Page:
Western preparing for new copyright landscape
By Jason Winders
November 14, 2013
Don’t call Tom Adam ‘the copyright police.’
This fall, Adam was named project manager and special advisor to the provost on copyright. His job focuses on enhancing ‘copyright literacy’ across campus – especially among faculty and graduate students – as the university’s current deal with Access Copyright nears expiration.
Western and Access Copyright, a not-for-profit organization representing copyright owners, continue to discuss the terms of an extension to the current deal that runs out at year’s end. Simultaneously, the university must make plans in case a deal never materializes.
Enter Adam – the university’s official copyright educator, facilitator and champion. But he’s no enforcer.
“Oh no, it is not my job to go out and shake the finger at someone. Engaging the community, that is foundational to what I am doing,” said Adam, whose temporary appointment runs until December 2014. “Copyright needs to be part of the conversation whenever we talk about using the work of someone else. My job is to make sure it is part of the conversation.
“The copyright law is not exactly intuitive. I am someone to help you walk through the process.”
Adam, BA’79 (Visual Arts), MLIS’93, has been with Western Libraries for 30 years. He started as a library assistant, while simultaneously working his way toward a degree over five years. When he graduated, Adam joined the D.B. Weldon Library full-time as a librarian in the Reference Department. There, he aided the library in its teaching mission helping students develop “information literacy.”
“Access. Assess. Assimilate. Apply. That’s what we taught,” Adam said. “We were turning out ‘straight-A students’ at Western in terms of information literacy.”
He continued in the role, teaching undergraduate and graduate students alike, eventually being named a teaching and learning librarian until assuming his new role this fall.
“(This job is) a further step along the road I have already been traveling for 30 years,” Adam said. “We’re just talking about the responsible use of information and making sure the Western community has the tools and resources they need to make informed decisions about ‘the stuff’ they use in their teaching and research.”
In June, Western officials gave notice to Access Copyright the university would not be extending its current agreement with the not-for-profit organization representing copyright owners, after the deal expires on Dec. 31. That move all but ended the relationship with the company.
The copyright landscape has changed drastically since the deal was first struck 16 months ago.
The Supreme Court of Canada handed down a series of copyright and technology-related rulings in June 2012, including, most interestingly for education institutions, one that erased the distinction between student and instructor copying of copyrighted work. Previously, only student copying was considered fair use.
Also, the Copyright Modernization Act (Bill C-11), which passed on June 29, 2012, expanded the definition of ‘fair dealing’ to include education alongside research, private study, criticism and review. That means educational entities are not tied to the strict royalty landscape for use of materials for educational purposes.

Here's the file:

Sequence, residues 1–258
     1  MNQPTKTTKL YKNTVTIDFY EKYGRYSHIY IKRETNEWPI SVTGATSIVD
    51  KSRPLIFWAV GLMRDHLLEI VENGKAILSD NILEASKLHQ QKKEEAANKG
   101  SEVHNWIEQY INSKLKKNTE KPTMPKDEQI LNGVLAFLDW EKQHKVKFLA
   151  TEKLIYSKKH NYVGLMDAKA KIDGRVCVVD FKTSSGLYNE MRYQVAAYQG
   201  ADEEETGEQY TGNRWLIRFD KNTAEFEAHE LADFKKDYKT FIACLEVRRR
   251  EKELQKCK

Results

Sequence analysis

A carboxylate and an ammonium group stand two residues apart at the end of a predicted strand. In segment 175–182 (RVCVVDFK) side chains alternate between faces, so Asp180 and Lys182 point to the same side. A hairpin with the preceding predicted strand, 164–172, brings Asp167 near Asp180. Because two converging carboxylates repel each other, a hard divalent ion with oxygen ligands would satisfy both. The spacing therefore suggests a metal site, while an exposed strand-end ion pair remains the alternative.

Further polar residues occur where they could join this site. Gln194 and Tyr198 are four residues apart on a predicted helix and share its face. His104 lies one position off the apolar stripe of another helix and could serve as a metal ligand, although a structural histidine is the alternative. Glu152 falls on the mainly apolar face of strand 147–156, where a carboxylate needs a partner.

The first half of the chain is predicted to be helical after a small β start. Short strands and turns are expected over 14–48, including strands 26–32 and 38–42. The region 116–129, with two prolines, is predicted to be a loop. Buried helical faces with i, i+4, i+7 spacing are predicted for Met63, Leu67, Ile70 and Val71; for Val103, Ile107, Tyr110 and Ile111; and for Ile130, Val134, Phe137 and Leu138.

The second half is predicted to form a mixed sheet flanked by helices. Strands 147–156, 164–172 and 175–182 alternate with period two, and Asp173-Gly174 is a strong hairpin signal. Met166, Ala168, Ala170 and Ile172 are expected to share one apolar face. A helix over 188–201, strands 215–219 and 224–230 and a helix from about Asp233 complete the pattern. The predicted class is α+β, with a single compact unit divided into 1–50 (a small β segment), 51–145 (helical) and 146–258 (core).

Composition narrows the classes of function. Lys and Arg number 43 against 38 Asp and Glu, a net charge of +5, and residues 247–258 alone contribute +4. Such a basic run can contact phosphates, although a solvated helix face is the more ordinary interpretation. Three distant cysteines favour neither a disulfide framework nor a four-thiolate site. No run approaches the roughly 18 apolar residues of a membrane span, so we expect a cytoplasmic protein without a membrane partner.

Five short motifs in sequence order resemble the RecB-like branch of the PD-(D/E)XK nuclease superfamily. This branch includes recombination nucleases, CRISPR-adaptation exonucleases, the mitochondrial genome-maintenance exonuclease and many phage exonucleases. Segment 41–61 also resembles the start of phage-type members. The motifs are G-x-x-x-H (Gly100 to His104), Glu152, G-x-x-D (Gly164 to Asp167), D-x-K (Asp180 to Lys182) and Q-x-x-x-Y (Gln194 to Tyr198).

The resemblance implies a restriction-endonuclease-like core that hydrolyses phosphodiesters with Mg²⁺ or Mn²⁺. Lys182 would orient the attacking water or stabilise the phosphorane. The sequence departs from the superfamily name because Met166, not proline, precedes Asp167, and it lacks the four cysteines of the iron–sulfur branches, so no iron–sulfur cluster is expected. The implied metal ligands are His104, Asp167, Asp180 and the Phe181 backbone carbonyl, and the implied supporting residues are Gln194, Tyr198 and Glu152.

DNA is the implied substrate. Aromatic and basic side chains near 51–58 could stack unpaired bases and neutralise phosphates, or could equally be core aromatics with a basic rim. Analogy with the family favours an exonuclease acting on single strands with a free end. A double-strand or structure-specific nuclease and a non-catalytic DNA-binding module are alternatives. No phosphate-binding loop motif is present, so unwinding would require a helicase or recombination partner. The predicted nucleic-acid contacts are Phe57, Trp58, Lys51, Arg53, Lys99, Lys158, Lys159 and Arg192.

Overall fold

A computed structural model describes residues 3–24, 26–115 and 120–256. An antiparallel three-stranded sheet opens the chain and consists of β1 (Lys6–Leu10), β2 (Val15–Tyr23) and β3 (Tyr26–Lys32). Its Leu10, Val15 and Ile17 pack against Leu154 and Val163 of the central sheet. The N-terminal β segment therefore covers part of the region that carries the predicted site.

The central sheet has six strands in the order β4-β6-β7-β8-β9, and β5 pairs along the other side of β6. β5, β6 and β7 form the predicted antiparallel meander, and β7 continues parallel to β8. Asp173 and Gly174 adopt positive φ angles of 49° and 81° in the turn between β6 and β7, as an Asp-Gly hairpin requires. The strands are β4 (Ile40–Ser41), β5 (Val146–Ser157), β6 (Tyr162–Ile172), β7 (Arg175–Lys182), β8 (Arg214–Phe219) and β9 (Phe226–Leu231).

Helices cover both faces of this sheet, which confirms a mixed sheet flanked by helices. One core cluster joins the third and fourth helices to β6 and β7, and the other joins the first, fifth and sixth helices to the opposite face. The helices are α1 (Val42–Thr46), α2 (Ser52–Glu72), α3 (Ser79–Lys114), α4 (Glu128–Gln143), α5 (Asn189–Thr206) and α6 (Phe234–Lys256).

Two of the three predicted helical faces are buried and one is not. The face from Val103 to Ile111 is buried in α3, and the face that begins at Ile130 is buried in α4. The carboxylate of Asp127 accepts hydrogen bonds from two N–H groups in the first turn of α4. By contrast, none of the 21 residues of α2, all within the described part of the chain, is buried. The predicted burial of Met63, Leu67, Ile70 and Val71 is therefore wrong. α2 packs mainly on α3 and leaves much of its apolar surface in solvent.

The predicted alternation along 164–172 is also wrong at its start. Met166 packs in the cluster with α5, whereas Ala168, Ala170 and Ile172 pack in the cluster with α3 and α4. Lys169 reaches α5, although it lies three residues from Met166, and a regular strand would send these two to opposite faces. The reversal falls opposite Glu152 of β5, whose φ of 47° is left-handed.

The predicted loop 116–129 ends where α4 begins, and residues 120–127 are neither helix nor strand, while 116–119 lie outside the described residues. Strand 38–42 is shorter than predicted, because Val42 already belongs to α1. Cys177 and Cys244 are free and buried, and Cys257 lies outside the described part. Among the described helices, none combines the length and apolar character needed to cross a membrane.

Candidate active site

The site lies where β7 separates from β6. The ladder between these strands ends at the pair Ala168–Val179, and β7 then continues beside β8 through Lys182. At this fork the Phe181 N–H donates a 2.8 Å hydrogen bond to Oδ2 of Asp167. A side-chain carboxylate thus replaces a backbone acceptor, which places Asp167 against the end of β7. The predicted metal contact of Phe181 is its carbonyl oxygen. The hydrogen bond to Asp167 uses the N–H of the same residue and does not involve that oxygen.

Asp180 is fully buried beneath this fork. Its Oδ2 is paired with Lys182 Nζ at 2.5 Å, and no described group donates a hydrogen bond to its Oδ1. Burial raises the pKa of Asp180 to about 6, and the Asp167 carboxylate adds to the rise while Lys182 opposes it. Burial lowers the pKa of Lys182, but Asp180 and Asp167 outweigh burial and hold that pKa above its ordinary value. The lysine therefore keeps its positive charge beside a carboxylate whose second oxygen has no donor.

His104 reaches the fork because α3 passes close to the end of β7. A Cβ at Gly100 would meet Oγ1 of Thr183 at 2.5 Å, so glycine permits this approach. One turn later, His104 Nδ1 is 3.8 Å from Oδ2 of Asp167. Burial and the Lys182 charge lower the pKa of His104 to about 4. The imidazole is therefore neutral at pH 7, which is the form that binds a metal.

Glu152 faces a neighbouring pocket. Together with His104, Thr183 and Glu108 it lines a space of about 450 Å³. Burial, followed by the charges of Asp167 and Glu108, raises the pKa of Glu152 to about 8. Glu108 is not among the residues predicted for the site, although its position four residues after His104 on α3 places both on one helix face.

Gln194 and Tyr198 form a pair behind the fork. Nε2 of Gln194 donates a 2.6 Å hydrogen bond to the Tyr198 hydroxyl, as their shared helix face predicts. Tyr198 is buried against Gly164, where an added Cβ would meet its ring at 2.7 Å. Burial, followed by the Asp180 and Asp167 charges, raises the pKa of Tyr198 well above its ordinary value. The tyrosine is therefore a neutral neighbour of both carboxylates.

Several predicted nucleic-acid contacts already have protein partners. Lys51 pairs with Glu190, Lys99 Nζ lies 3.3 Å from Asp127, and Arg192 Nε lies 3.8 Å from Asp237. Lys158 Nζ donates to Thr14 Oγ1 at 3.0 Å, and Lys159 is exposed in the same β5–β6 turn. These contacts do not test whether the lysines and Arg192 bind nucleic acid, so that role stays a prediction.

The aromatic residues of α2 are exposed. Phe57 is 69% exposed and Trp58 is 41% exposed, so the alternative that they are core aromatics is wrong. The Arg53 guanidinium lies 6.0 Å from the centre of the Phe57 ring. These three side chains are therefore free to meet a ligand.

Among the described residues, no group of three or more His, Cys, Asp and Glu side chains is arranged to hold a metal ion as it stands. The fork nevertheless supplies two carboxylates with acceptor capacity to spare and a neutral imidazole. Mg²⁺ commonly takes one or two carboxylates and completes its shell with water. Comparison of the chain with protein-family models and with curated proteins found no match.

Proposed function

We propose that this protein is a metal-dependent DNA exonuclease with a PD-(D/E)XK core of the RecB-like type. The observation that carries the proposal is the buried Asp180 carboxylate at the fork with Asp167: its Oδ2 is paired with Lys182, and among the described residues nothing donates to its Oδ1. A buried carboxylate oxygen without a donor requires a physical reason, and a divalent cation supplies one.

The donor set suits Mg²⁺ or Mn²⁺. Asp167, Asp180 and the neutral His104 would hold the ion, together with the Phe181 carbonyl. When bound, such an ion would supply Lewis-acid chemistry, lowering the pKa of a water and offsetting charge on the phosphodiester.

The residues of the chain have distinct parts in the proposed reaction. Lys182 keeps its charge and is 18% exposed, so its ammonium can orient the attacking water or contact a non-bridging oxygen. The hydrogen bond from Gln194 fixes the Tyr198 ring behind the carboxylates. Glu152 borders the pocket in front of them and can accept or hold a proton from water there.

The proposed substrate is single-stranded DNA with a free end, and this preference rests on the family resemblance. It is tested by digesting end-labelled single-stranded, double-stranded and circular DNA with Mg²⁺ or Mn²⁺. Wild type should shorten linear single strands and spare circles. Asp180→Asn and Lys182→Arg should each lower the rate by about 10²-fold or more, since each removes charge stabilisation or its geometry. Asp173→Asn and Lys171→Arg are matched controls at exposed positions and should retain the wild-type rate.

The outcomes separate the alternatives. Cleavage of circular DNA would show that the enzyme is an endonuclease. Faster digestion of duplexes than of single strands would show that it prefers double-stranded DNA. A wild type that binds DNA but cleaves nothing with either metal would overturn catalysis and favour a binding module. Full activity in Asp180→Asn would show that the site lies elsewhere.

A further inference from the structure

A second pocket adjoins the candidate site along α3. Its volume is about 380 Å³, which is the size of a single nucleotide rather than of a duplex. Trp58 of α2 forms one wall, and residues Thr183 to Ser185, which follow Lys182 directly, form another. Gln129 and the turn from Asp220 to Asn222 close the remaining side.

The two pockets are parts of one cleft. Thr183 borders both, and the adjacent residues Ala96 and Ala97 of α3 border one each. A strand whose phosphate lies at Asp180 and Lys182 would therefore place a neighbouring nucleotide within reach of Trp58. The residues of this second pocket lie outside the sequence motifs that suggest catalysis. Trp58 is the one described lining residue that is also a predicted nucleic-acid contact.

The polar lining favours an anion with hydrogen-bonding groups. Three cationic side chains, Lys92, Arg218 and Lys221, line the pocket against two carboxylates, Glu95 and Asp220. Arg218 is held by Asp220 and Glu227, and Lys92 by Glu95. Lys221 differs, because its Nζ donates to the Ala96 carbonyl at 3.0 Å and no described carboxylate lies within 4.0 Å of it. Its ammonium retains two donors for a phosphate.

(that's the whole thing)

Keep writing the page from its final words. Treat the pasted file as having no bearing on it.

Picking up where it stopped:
Western’s future copyright landscape has yet to form fully. If an extension with Access Copyright never materializes, the university is eyeing a University of Toronto model as a possible blueprint. That model rotates around four basic questions: Is the work protected by copyright (mainly about the age of the document)? Do you have licensed permission? Are you using a ‘substantial’ portion of the work (although the word ‘substantial’ is not explicitly defined)? Does the law sanction its use?
Tasked with shaping this new landscape for Western is a copyright working group, which includes Adam, as well as representatives from Western Libraries, The Book Store at Western, ITS, Teaching and Learning Services, Communications and Public Affairs, University of Western Ontario Faculty Association (UWOFA), Legal Services and the Office of the Provost.
The group is still seeking advice from “interested parties” on campus – copyright experts, student and faculty groups. But the clock is ticking.
“What we’re seeking is an ‘institutional response’ to the law,” Adam said. “We’re not rewriting it. What the project is doing is determining how we are going to respond to it. What are our obligations and accountabilities?”
As soon as the landscape is defined, Adam said, step one is getting copyright-related resources together in an easy-to-use, easy-to-understand, one-stop-shop format. Not a simple task, he admitted, although three specific milestones will guide the effort over the next year or so.
First, copyright resources and services – mainly via a website – will be in place by late December or early January. Adam then plans an aggressive education campaign via workshops and information sessions to run through the Winter Term. Finally, a sustainability plan will be developed to make sure the information stays current to legislation as well as issues specific to Western’s campus.
“My goal is nobody ever comes up with a dead end,” Adam said. “If the website doesn’t answer your question, there is a number or an email or somebody who can give you can answer to your question.”
He only asks one thing from the university community today: patience.
“We want to make sure we turn out responsible stewards of information in our students,” he said. “To do that, we have to be responsible ourselves.”
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